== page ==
Sparky but overcrowded successor to the memorable Harbor (2004) can’t decide if it’s primarily a Washington novel or an espionage-oriented work refracting America’s global reach.
Capt. Mary Goodwin’s F-16 is patrolling the skies over D.C. when a malfunction forces her to eject, landing in a tree. The 32-year-old pilot has been used as a guinea pig in a secret Pentagon project to prevent suicide attacks. Her crash was directed from the ground, but the project’s overseer, Will Holmes, green-lighted it too soon. Interest in the crash is slight at the Washington Spectator (read Post), whose top brass are preoccupied with getting beaten to the scoop on another story by the paper’s arch rival. But veteran night editor Stanley Belson smells a good story and has protégée Vera Hastings investigate. Mary and Vera are strong, unconventional women with fascinating pasts—their ferreting would make a fine novel in itself. But there is more, much more. The Spectator newsroom hums with politicking and scuttlebutt, while in the background looms star editor/author Don Grady (stand-in for Bob Woodward), symbol of insider arrogance in a novel that affirms humility as the ultimate virtue. Oddly, considering that Adams is a former Post reporter, the newspaper material—particularly the excessive amount of it devoted to Grady and his wife, alcoholic columnist Mabel Cannon—is less alive than the chapters that take place overseas. Two sections set in Iran show Hoseyn, a defecting nuclear scientist and one of Holmes’ assets, faking his suicide and getting whisked away to Dubai. In another long passage, a bombing run executed by Mary and her devoted wingman in Afghanistan results in civilian deaths. Throughout these portions, the action is riveting, the angles it’s viewed from are different, and ironies salt the narrative; only the burned-out Holmes is a cliché of espionage fiction.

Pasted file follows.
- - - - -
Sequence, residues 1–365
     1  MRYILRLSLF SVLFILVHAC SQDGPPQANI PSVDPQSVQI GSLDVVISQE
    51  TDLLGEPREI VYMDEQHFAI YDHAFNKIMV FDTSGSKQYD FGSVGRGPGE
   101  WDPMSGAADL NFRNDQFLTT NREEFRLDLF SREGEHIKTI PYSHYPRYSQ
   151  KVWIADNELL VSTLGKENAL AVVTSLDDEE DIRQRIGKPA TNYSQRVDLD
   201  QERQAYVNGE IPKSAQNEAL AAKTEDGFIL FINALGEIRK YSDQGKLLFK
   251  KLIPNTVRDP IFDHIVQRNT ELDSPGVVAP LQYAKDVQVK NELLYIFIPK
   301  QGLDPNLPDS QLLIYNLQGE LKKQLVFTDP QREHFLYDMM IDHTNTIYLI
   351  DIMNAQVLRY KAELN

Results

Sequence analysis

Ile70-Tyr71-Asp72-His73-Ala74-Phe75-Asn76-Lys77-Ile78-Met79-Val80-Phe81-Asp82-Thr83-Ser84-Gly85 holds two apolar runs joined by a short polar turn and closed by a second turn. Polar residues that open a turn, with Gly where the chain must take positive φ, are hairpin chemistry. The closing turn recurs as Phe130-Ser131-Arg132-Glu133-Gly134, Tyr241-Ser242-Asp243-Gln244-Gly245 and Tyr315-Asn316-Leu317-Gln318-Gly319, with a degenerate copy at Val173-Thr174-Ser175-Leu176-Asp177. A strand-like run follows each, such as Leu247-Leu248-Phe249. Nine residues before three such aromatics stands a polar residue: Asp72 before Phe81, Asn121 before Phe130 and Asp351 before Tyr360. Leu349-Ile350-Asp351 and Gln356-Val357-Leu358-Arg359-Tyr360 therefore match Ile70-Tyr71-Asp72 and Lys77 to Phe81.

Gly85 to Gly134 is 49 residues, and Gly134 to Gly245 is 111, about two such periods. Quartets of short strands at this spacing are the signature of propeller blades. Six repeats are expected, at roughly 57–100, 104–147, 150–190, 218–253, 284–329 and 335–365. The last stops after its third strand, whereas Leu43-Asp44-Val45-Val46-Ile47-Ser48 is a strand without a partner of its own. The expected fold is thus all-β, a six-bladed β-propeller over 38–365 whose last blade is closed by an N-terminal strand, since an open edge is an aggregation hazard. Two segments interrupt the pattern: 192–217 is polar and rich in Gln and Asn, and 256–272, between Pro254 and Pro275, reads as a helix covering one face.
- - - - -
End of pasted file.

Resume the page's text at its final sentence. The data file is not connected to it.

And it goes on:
Adams remains an enormously stimulating writer; greater artistic discipline could put her over the top.